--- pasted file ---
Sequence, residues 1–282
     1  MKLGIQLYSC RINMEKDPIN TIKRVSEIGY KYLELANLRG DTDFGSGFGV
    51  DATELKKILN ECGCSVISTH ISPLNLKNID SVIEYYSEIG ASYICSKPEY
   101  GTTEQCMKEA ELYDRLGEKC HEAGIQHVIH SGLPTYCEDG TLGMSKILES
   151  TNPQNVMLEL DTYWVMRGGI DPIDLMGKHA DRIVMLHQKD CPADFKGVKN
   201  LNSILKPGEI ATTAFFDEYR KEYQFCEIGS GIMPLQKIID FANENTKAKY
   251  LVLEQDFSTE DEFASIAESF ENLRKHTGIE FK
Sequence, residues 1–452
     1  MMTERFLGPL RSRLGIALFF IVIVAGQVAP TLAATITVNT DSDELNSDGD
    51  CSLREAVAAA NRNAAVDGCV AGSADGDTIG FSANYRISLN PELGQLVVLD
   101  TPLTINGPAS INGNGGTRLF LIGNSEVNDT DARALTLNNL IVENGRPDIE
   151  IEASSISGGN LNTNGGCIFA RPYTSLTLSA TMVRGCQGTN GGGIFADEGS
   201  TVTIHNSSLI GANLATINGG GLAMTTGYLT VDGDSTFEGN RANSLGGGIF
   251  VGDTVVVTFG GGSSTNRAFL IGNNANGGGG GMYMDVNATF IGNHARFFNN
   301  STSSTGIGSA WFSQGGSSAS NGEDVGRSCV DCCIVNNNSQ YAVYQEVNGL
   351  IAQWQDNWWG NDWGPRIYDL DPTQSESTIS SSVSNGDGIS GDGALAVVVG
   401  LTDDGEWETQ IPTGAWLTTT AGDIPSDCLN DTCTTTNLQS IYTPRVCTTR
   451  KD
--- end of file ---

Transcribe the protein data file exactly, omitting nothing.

Sequence, residues 1–282
     1  MKLGIQLYSC RINMEKDPIN TIKRVSEIGY KYLELANLRG DTDFGSGFGV
    51  DATELKKILN ECGCSVISTH ISPLNLKNID SVIEYYSEIG ASYICSKPEY
   101  GTTEQCMKEA ELYDRLGEKC HEAGIQHVIH SGLPTYCEDG TLGMSKILES
   151  TNPQNVMLEL DTYWVMRGGI DPIDLMGKHA DRIVMLHQKD CPADFKGVKN
   201  LNSILKPGEI ATTAFFDEYR KEYQFCEIGS GIMPLQKIID FANENTKAKY
   251  LVLEQDFSTE DEFASIAESF ENLRKHTGIE FK
Sequence, residues 1–452
     1  MMTERFLGPL RSRLGIALFF IVIVAGQVAP TLAATITVNT DSDELNSDGD
    51  CSLREAVAAA NRNAAVDGCV AGSADGDTIG FSANYRISLN PELGQLVVLD
   101  TPLTINGPAS INGNGGTRLF LIGNSEVNDT DARALTLNNL IVENGRPDIE
   151  IEASSISGGN LNTNGGCIFA RPYTSLTLSA TMVRGCQGTN GGGIFADEGS
   201  TVTIHNSSLI GANLATINGG GLAMTTGYLT VDGDSTFEGN RANSLGGGIF
   251  VGDTVVVTFG GGSSTNRAFL IGNNANGGGG GMYMDVNATF IGNHARFFNN
   301  STSSTGIGSA WFSQGGSSAS NGEDVGRSCV DCCIVNNNSQ YAVYQEVNGL
   351  IAQWQDNWWG NDWGPRIYDL DPTQSESTIS SSVSNGDGIS GDGALAVVVG
   401  LTDDGEWETQ IPTGAWLTTT AGDIPSDCLN DTCTTTNLQS IYTPRVCTTR
   451  KD